Such an application programming interface (API) would have given the NSA a web-based window to certain data elements within the servers of the tech companies.
When I described the API method of availing the data in the servers to USC law professor and privacy expert Jack Lerner, he said it sounded very "direct" to him. However, Lerner says there are other ways the tech companies may have provided "indirect" access to the NSA.
"They could have meant indirect' to say You can look at our data, but you can't use our interface to do it, you'll have to build your own.'" Lerner says.
And here's another way the conflicting stories might square: The tech companies may have hinged their denials on the places where the NSA was tapping into the data from their servers. For example, the NSA may have been tapping in via a path somewhere in the Internet backbone that connects to the servers. "It's conceivable that the NSA could have tapped into a major cable or fiber optic line through which the data was passing," Lerner says. The update from The Post today seems to support this possibility.
Robert Graham, CEO of Atlanta-based cybersecurity firm Errata Security, says that the NSA could have installed taps in many different places within the tech companies, or in the telecommunications network connecting the servers. "The NSA is probably tapping into the undersea fiber optic lines connecting to other countries," Graham says.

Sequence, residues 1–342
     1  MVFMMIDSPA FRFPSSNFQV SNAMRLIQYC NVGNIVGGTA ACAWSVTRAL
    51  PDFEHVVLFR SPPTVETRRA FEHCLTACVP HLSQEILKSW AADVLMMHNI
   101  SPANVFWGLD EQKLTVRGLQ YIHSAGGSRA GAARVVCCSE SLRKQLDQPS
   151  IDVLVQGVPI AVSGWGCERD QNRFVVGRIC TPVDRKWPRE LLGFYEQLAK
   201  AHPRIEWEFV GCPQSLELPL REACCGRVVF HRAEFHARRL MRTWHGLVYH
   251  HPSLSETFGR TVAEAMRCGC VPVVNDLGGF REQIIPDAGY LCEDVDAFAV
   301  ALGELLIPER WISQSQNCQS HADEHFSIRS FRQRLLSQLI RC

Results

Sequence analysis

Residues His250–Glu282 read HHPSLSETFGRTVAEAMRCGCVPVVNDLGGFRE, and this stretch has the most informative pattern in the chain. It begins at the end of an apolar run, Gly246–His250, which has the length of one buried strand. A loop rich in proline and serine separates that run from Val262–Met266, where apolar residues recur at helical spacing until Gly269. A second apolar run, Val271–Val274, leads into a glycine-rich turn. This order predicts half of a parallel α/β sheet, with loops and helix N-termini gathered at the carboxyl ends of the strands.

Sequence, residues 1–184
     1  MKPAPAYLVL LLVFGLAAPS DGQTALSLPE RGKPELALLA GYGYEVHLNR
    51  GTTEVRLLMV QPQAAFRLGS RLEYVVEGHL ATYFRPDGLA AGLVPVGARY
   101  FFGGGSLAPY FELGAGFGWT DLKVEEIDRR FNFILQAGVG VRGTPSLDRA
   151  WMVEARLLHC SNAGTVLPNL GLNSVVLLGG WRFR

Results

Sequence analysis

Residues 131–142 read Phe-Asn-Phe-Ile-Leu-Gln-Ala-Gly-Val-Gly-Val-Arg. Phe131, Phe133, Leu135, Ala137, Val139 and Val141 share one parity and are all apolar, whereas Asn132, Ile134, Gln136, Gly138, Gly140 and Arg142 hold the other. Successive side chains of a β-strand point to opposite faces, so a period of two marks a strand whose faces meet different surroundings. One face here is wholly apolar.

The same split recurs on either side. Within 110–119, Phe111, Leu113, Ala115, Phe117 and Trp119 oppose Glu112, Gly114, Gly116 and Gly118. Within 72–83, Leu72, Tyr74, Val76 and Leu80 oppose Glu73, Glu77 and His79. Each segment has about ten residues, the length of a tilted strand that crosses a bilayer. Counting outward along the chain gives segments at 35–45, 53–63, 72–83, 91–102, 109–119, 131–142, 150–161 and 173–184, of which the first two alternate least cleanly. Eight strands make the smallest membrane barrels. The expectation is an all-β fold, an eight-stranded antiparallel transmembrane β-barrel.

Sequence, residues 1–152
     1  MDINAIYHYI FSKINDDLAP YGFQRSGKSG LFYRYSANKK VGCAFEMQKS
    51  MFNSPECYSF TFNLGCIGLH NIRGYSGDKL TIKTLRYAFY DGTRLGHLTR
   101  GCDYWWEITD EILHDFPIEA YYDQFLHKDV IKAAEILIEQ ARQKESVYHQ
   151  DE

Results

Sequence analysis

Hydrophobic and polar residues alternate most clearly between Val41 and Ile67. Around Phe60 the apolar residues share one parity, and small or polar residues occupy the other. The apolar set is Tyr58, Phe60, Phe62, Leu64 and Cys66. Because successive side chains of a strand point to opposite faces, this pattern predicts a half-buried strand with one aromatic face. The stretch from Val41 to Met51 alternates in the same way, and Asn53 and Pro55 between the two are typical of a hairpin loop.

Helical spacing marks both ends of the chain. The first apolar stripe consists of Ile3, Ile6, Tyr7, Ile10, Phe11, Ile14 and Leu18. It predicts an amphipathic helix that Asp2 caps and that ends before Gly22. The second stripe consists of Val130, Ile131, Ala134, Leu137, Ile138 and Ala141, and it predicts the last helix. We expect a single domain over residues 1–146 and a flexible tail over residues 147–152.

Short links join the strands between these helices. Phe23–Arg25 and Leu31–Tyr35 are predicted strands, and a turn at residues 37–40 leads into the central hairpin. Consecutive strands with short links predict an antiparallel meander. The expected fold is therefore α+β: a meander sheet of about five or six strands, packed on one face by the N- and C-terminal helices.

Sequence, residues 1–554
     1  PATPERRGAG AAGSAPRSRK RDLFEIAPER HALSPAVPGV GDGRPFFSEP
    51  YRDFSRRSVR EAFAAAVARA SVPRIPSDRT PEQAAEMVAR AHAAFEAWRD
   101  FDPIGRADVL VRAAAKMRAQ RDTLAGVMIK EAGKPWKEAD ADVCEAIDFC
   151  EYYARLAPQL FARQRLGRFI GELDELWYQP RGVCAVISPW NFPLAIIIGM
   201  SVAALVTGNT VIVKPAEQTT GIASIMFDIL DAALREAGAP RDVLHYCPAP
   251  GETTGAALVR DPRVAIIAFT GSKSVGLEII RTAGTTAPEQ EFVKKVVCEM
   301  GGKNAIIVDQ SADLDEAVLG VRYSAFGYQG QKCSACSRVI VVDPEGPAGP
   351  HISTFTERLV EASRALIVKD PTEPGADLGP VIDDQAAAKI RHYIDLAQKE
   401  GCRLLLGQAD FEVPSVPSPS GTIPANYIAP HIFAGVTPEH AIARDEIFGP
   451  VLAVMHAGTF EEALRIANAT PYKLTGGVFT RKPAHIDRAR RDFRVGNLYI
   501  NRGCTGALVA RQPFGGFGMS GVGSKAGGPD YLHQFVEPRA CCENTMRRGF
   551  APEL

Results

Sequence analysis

Such line tapping is certainly nothing new to network administrators, Graham says. And the gear being used by the NSA is probably not much different than the gear used by the tech companies for their own network monitoring. "Companies use sniffers' all the time for intrusion detection," he says. "They may install one to diagnose network problems, or they might install a sniffer to detect hackers."
Graham also points out the possibility that the tech companies could be providing access to the NSA while never being aware of the specific PRISM brand name. "It has a lot to do with the names they use," Graham says. "Google only knows what they're doing for them [the NSA], but they may be totally unaware of the names the NSA uses."
USC's Lerner says there may be yet another, more legally motivated, explanation of the tech companies' denials. "There may be a place in the law that requires them not to discuss it, so they would just be complying with the law," Lerner says. "For example, major service providers receive thousands of National Security Letters every year that they can't can't discuss."
In the midst of the spinning and he-said she-said coming from all sides, it's easy to lose sight of the real implications of the PRISM program. That is, that real data privacy doesn't exist.
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